Friday, April 10, 2009

Adventures with Atoms and Molecules - Chemistry for Everyone!

Science is so deliciously hands on! It is the perfect subject for all ages. It is one subject that everyone can get involved in at whatever age or grade level they are.

My kids love science, and in fact have been known to beg for it! But, do-it yourself science curriculums can be difficult to come across. Well, the kind that actually teach science, anyway.

If you're like me, you've found lots of books that claim to have 234 cool science experiments you can do at home...but often times the explanations are lacking, or they just plain don't work.

I like science to be exciting, fun, and educational. So, I was looking for a good book that treated chemistry the way I would have approached it as a scientist; while at the same time giving the children a sense of learning it themselves and really doing science experiments.

So, where do you turn for some really good science?

Enter: Adventures with Atoms and Molecules by Robert Mebane and Thomas Rybolt. Each experiment is laid out similar to a science lab. There is a lead in question which needs answering, followed by is a listing of materials required (which truly are things which can be easily found around the house!) Next is the procedure and suggestions for observations. And, finally there is a discussion section, which is recommended to be read after you complete the experiment. There is a good deal to be learned about the physical interactions between molecules and the chemical reactions that can result.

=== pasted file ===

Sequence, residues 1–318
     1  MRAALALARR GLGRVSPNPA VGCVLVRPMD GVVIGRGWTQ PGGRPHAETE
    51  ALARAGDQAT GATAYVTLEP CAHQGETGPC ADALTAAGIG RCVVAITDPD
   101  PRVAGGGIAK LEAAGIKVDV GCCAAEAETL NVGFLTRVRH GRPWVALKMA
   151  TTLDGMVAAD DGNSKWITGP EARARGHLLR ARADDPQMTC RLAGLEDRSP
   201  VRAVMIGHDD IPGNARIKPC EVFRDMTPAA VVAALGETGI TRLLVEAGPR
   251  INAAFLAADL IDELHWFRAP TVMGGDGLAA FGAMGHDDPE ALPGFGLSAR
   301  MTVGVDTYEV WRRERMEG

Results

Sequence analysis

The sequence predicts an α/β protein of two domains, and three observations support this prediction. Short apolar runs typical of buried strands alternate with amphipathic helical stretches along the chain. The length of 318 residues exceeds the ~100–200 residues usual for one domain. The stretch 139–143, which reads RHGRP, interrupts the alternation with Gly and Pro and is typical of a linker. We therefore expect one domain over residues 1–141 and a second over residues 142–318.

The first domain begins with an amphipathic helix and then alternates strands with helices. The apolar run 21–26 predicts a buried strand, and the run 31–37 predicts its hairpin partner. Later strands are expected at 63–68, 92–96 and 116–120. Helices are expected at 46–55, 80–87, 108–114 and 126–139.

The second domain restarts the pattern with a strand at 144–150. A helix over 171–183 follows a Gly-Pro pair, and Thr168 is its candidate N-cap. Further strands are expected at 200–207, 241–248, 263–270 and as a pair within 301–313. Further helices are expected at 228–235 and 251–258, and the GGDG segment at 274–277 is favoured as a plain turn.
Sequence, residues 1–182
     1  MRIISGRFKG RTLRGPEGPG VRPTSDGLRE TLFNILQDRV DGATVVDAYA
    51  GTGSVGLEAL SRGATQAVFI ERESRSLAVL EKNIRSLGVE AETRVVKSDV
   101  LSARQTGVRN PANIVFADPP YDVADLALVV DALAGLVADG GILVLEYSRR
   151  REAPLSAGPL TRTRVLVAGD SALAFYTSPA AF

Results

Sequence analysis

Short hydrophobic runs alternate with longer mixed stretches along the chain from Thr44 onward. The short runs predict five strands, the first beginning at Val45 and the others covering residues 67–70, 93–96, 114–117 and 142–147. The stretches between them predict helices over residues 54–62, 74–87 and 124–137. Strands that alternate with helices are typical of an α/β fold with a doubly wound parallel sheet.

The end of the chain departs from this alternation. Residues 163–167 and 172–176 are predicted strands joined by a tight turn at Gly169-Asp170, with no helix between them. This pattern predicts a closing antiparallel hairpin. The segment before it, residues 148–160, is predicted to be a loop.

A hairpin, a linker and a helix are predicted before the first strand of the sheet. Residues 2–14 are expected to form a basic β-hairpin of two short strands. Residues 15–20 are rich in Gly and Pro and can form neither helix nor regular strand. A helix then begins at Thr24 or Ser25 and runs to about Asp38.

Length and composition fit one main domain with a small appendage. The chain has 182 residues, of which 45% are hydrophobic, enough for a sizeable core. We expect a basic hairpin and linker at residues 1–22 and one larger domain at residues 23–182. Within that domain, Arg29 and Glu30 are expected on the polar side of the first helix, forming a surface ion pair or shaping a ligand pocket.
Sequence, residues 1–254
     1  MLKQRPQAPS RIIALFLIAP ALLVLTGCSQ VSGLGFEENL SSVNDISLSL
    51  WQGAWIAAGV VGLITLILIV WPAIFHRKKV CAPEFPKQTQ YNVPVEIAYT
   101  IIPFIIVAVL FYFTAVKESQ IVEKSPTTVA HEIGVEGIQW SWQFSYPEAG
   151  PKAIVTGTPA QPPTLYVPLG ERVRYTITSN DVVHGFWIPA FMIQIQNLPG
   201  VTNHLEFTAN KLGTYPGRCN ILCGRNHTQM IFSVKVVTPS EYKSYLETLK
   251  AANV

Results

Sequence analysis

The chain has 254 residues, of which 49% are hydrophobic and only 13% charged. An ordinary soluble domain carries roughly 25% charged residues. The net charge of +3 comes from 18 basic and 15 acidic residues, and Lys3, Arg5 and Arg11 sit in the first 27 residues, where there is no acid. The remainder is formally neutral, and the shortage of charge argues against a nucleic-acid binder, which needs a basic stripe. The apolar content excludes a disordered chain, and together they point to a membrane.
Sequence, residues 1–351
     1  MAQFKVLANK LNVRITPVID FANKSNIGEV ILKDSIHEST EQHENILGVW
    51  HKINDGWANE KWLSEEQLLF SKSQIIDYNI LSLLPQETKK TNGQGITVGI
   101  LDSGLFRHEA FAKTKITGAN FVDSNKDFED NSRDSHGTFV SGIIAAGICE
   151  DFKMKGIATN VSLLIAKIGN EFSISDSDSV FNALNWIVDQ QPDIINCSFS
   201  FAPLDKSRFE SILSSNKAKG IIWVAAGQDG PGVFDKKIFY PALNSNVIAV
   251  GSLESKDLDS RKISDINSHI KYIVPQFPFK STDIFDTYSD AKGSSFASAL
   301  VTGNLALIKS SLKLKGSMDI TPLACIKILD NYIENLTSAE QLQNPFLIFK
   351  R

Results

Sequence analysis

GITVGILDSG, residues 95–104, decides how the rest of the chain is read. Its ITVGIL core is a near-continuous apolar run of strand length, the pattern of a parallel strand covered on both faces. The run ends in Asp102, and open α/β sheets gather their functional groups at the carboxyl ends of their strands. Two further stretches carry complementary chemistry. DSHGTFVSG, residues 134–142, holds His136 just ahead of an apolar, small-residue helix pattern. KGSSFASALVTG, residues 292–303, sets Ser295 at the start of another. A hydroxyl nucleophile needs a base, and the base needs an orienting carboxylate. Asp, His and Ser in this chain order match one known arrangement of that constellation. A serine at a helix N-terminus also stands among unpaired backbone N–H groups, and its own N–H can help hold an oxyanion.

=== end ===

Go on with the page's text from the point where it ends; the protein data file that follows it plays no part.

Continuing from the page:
This book is a great way to teach the scientific method of inquiry by testing and observation. We made mini-lab sheets for each experiment to keep in our science notebook. And also made a glossary of new science terms.

Now, don't let the dull illustrations fool you. This book is the real deal.


  1. We use this book for Chemistry too - and there's a Volume 2 as well - it's mentioned in The Well-Trained Mind :)

  2. Yes! We didn't need a second volume, but we thought we might use it in the next round of chemistry, during the logic stage.